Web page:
While you might think that allowing birds to forage in pasture would save on the feed bill while increasing their weight gain, research shows that calories used when foraging, compensating for cooler outdoor temperatures, scratching in the dirt, and simply enjoying a natural chicken life are not necessarily made up for by the extra nutrition derived from foraging. Some pastured poultry enthusiasts report that their birds consume 10 to 30 percent less feed when on pasture, but according to researchers Andrew Walker and Sue Gordon, who presented their findings at the University of Leeds in 2002, the reduction in feed is actually closer to 5 percent or less. This is because poultry have short guts, and they would simply fill up before they could obtain enough nutrition to survive on grass. In fact, Walker and Gordon’s research found that most of the protein available to pastured chickens comes from worms, beetles, crickets, grasshoppers, and other critters.
Broilers vs. layers. The biggest difference is the quick return on the investment of time and money when raising meat chickens instead of layers. Fast-growing broiler breeds can be on the table in less than two months; even gourmet meat breeds only take 12 weeks. In contrast, layers need about five months to produce their first eggs, and they require roosts, nest boxes, and winter housing. Meat birds just need protection from weather and predators.
Emotional stress. I was surprised by how much it bothered me to kill the females in the first flock. The cockerels seemed to be just mindless eating machines lubricated with testosterone. Of the two females in my first flock, one was a nervous wreck who was convinced from day one that I planned to kill her. The other one used to peck at my foot until I sat down on the grass, then she would sit in my lap. If there had been any future for her, I would have kept her alive. But not only would my layers pick on her without a mother hen’s protection, her white feathers would have made her an easy-to-spot meal for predators. I still think about her.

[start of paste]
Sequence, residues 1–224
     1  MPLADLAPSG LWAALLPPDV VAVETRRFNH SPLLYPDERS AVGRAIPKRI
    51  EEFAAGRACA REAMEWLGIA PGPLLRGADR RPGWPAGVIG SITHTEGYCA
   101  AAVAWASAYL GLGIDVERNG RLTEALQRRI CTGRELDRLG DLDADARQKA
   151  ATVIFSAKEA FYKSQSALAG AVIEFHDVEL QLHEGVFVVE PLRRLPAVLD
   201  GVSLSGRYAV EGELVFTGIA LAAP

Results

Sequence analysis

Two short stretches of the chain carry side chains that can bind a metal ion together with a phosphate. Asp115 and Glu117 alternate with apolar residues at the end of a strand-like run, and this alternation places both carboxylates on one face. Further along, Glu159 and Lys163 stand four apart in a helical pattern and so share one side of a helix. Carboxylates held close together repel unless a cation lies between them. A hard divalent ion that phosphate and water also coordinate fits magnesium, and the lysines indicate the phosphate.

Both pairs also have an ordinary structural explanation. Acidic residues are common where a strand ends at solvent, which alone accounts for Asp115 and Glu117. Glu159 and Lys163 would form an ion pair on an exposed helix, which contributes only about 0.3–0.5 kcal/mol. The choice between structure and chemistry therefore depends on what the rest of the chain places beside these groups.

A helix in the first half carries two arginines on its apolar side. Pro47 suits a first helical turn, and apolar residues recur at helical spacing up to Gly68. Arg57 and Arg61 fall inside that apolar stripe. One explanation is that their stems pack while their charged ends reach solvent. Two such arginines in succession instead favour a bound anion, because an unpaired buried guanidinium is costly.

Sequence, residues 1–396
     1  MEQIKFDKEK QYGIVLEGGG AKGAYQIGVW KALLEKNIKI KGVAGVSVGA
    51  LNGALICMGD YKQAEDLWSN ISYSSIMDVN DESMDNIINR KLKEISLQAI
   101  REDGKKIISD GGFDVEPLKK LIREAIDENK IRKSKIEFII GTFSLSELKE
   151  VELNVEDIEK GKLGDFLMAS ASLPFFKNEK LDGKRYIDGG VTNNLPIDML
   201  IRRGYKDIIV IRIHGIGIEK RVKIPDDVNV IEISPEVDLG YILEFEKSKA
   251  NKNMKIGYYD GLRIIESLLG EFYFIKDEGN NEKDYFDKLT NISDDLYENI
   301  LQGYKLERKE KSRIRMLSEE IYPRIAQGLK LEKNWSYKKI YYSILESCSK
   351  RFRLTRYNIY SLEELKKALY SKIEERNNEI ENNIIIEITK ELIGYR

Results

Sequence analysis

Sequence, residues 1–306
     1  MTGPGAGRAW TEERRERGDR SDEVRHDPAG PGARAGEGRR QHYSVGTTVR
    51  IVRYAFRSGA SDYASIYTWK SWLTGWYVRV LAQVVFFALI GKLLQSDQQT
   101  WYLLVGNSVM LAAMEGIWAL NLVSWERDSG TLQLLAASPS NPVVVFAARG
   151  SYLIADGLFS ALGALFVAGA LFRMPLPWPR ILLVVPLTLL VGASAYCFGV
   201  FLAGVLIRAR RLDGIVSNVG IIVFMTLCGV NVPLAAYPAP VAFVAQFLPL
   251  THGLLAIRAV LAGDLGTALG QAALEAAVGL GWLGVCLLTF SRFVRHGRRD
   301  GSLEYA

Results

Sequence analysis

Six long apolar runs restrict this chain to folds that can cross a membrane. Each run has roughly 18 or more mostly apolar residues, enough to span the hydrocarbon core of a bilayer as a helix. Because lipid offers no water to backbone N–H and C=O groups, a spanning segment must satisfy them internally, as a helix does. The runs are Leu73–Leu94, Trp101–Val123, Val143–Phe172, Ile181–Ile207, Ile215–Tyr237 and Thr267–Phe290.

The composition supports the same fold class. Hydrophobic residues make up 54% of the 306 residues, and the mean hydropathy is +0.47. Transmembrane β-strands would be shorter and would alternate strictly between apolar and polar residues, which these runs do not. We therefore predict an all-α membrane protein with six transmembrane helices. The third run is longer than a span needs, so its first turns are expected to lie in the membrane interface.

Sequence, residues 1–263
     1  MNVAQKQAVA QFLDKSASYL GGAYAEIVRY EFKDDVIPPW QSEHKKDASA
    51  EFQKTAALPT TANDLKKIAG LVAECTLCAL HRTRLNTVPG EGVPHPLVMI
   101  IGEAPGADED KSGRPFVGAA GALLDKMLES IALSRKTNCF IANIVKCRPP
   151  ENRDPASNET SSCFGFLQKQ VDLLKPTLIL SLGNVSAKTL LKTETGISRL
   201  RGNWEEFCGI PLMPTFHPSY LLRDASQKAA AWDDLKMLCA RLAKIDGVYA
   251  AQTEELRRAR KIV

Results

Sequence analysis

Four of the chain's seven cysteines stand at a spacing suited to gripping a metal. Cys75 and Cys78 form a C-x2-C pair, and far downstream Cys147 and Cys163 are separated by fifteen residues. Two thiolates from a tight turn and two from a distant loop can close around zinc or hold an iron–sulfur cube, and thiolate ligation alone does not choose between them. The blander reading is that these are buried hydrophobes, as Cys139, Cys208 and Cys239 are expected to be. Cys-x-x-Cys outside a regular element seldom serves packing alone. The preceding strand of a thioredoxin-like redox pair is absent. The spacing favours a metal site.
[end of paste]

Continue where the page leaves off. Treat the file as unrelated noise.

In general though, finding out how quickly I could make the mental leap from nurturing to killing helped me understand Joel Salatin’s warning that a person should not kill chickens every day. He says slaughtering too often can blunt our natural feelings of compassion for other living creatures.
When I fried the first chicken for a Sunday dinner, the fragrance alone obliterated the memory of all my work and worry. The flavor was fried chicken in the purest sense — honest, unforgettable, and worth much more than I had invested.
Feeding. All my chickens have access to pasture, a three-acre wood lot, and worms in my compost piles. Garden trimmings and kitchen scraps also contribute much to their diet. In addition, the broilers were confined in a fallow garden spot twice a day so they could fill up on the concentrated feed they are genetically designed to utilize without being bothered by the layer hens, the goats, or the Great Pyrenees pooch that lived with them.